According to Tropical Magazine, in nearly all Székely jokes, or even on the most popular Romanian beer, we come across one of the country’s symbols, the Ursus arctos, or the brown bear. In our country, who doesn’t like the gentle, trudging animal, bearing absolutely no resemblance to Winnie the Pooh? On the other side of our Eastern border, especially in Szeklerland, however, their proliferation poses a serious problem.
The brown bear is Europe’s largest predator, with male specimens sometimes reaching a weight of 350 kilograms. According to the estimates of the year 2017, around 6800 bears inhabit Romania, the overwhelming majority of the bear population, approximately 5300 specimens, can be found in the counties of Hargita (Harghita), Kovászna (Covasna), Maros (Mures) or the neighboring one of Brassó (Brasov), all of which are part of Szeklerland (in Hungarian: Székelyföld). This is where they pose the greatest threat, too. Only last year 18 people were attacked by bears, and this year a dozen attacks have already been reported. The latest attack took place at the community college of Bálványos, where a 27-year-old man from Gyimes was bitten by a smaller specimen on the zeroth day of the schoolyear; fortunately, the young man was able to get off with but a few wounds from the frightening experience.
Of course, not everyone feels threatened by the large predators; some actually wish to observe their lifestyle from as close up as possible. Fortunately for them, the bear population of Székely Land has reached a decades-long high. And fear not! There is no need to spend several days in the forest to stumble upon well-developed specimens, as there are several companies who organize safe and comfortable bear sightings.
For lots of people, upon hearing the word ‘bear sighting’, their thoughts immediately go to a lash-up wooden construction, where one has to wait for hours, in the rain and in the freezing cold, while bugs bite them to death. In reality, however, there are so-called bear-watching stations.
These are sealed wooden houses which are suitable for longer stays, equipped with toilets, electricity, heating, HVAC, and beds. Their enormous windows are covered by a one-way mirror, which enables them to observe the bears in their natural habitat without the animals being aware of human presence. It is a bit like watching a movie on an enormous silver screen. Most places provide the customers with a guide as well, whose job is to explain what exactly they are seeing, and tells interesting stories about the way bears live and their habits. This can make bear-watching interesting – and of course, safe – for children as well. Some ambuscades await nature photographers in particular, who are thus enabled to be near nature for days at an end. Moreover, they host photography circles at night.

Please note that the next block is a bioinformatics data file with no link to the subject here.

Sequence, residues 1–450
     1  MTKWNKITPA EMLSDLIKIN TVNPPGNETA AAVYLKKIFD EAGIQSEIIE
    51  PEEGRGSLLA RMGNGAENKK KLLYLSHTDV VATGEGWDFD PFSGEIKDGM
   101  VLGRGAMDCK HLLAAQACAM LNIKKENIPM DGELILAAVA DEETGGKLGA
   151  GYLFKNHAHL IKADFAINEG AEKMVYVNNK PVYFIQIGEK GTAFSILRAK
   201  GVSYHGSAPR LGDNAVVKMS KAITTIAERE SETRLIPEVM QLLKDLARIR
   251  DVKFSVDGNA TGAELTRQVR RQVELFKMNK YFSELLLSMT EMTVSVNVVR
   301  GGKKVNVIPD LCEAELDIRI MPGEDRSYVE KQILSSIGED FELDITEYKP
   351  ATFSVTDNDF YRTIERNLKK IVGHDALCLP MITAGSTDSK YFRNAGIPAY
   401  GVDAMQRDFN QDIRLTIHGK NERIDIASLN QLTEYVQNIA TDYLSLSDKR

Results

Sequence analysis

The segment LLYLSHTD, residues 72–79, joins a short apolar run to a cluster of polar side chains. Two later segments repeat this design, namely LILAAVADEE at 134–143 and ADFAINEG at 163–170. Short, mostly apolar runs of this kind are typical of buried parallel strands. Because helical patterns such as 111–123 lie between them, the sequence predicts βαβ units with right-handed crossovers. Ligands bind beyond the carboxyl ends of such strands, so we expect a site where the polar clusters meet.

And what are we to expect if we sign up for such an experience? First of all, it’s recommended to wear warm and comfortable clothes.
Degrees in Hargita can drop below 10 degrees Celsius even during the summers, and most bear ambuscades can only be accessed on foot or by jeeps. We can be sure, however, that we will be forced to trudge in mud at some point.
Even the youngest know that come the winter, bears hibernate, but this hibernation isn’t the same as for reptiles. Bears often wake up in search for food even after the snow has fallen. Therefore, theoretically, one can observe them year-round, but in order to make sure, it is recommended to visit one of the ambuscades during the spring or the summer. Tours usually begin at noon, as it is best to arrive 2 or 3 hours before twilight at the wooden houses. Ambuscades are usually constructed on clearings that are regularly frequented by the bears, and they attract them there with food.
This way, success is practically guaranteed. If we are lucky, we can meet even a dozen of bears in a couple of hours, or see them as they fight for the right to the land or for the right to mate. Of course, how close bears come to the windows depends on us, too. As their hearing is particularly acute, they can be scared off by barely audible conversations or the slightest of noise, and the flash of a camera is guaranteed to make them run off. It is also recommended to come without having applied strong perfume, as the bear may thus ‘smell something fishy’ and easily tell that something is not right. Attacks, however, need not be feared.
Going to an ambuscade – without the intention to hunt – is more of a fatherly than a manly challenge; nevertheless, it can make for the experience of a lifetime.
And if you don’t feel safe even behind the glass, or simply don’t want to huddle yourself up on uncomfortable chairs for hours, you can make yourself a cup of coffee, get cozy in your favorite armchair, and follow the happenings inside the forest through the online broadcast of one of the webcams stationed there. Time for bear-watching!
As we wrote before about the curious case of Vackor, a recently spotted bear in Hungary. Vackor (‘wild-pear’ in English) is a bear who appeared in the town of Abony, close to Szolnok. It looked around some houses, then said hello to the local primary school leaving the area through the schoolyard, read more HERE.
Source: Zoltán SIPOSHEGYI, Journalist specialized in foreign politics – Tropical Magazin